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Abstract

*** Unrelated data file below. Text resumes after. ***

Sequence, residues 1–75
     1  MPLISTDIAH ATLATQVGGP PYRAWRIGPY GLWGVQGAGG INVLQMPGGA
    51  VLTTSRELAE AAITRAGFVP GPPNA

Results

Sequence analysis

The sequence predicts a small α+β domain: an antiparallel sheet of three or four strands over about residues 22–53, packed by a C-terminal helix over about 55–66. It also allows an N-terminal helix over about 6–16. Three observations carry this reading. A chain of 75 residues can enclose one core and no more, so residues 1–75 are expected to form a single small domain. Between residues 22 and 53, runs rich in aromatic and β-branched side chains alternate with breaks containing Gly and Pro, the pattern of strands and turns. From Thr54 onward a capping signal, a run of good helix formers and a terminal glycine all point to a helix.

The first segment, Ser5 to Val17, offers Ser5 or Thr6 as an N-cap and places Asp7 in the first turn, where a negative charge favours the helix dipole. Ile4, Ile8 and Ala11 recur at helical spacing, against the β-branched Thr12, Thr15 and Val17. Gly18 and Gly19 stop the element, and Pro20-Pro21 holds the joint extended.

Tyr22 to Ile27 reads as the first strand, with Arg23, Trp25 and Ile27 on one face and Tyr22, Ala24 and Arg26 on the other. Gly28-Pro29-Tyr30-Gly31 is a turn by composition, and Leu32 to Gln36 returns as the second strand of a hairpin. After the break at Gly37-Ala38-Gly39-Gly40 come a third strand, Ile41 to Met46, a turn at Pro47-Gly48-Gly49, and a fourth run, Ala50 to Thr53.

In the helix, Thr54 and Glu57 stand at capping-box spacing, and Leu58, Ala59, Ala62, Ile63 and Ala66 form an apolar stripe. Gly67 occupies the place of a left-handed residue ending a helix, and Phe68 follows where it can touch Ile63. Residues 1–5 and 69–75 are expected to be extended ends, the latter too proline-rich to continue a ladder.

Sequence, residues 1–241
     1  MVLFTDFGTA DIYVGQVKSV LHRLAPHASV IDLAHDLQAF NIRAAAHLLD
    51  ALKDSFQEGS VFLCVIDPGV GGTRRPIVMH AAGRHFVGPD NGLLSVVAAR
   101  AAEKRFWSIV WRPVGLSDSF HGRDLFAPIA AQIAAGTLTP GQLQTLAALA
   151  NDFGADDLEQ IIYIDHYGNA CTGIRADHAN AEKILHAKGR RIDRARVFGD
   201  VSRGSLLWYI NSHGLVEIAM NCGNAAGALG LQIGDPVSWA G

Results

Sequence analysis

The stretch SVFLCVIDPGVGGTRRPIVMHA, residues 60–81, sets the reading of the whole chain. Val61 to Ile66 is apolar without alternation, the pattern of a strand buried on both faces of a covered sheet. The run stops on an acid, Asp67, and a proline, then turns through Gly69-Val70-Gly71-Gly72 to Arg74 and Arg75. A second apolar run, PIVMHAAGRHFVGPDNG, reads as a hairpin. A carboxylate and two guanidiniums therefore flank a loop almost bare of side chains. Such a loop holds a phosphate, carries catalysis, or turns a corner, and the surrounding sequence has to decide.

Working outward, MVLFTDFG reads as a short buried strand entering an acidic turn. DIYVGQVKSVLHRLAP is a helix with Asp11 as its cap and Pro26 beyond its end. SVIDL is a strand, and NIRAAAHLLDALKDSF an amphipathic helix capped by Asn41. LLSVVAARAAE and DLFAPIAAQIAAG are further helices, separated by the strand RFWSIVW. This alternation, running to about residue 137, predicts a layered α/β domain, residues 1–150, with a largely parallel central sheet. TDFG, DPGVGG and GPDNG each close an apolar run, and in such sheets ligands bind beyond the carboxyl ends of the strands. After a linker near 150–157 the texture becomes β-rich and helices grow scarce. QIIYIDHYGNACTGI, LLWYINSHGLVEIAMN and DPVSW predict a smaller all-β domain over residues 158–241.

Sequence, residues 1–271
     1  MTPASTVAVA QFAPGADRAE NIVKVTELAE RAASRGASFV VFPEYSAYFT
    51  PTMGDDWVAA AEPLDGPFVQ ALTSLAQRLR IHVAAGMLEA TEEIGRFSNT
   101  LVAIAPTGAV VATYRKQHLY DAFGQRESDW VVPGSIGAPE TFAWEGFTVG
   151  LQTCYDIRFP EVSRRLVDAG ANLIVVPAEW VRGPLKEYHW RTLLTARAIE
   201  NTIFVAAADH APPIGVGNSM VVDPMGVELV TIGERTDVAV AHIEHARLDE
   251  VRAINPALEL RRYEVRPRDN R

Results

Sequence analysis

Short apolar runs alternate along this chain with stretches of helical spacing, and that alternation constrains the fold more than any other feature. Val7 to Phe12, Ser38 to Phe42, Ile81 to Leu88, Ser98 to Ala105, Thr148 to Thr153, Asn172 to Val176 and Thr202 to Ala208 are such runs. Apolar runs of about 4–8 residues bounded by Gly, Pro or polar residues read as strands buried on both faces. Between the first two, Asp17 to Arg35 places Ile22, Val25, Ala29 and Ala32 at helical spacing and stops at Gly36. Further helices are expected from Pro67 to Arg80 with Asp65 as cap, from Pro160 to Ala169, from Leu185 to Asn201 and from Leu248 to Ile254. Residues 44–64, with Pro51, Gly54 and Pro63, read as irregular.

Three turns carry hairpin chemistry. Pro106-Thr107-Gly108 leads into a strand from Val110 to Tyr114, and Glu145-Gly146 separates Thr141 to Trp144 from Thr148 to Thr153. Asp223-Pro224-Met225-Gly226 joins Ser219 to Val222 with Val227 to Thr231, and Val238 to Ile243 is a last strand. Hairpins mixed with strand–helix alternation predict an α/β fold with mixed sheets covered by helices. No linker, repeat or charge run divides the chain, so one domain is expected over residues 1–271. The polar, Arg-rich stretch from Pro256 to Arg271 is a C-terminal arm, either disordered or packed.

The recent judicial enforcement of class waivers in arbitration agreements has generated ample debate over the exact reach of these decisions and their effects on the future of collective action for consumers and employees. In AT&T Mobility v. Concepcion, a 5-4 majority of the Supreme Court majority held that the Federal Arbitration Act (FAA) preempted state laws prohibiting companies from incorporating class action waivers into arbitration agreements. The Court upheld such waivers on the grounds that they are consistent with the language and underlying purpose of the FAA. Most courts across the country have since reinforced the strong federal policy favoring arbitration. This, in turn, has made it more difficult for employees—most of whom do not enjoy the benefit of union representation and must therefore arbitrate their claims as individuals—from engaging in class proceedings. Faced with this dire judicial landscape, employees must turn to Congress to limit the scope of compulsory arbitration and secure recognition of the right to class proceedings. This Note advocates for legislative reform of federal arbitration law. Specifically, it argues for an amendment to the FAA that invalidates class waivers in mandatory arbitration agreements and applies only in employment disputes. Such a reform would help preserve important employee protections under federal labor law and would allow nonunion workers, in particular, to fully exercise their fundamental right to collective action.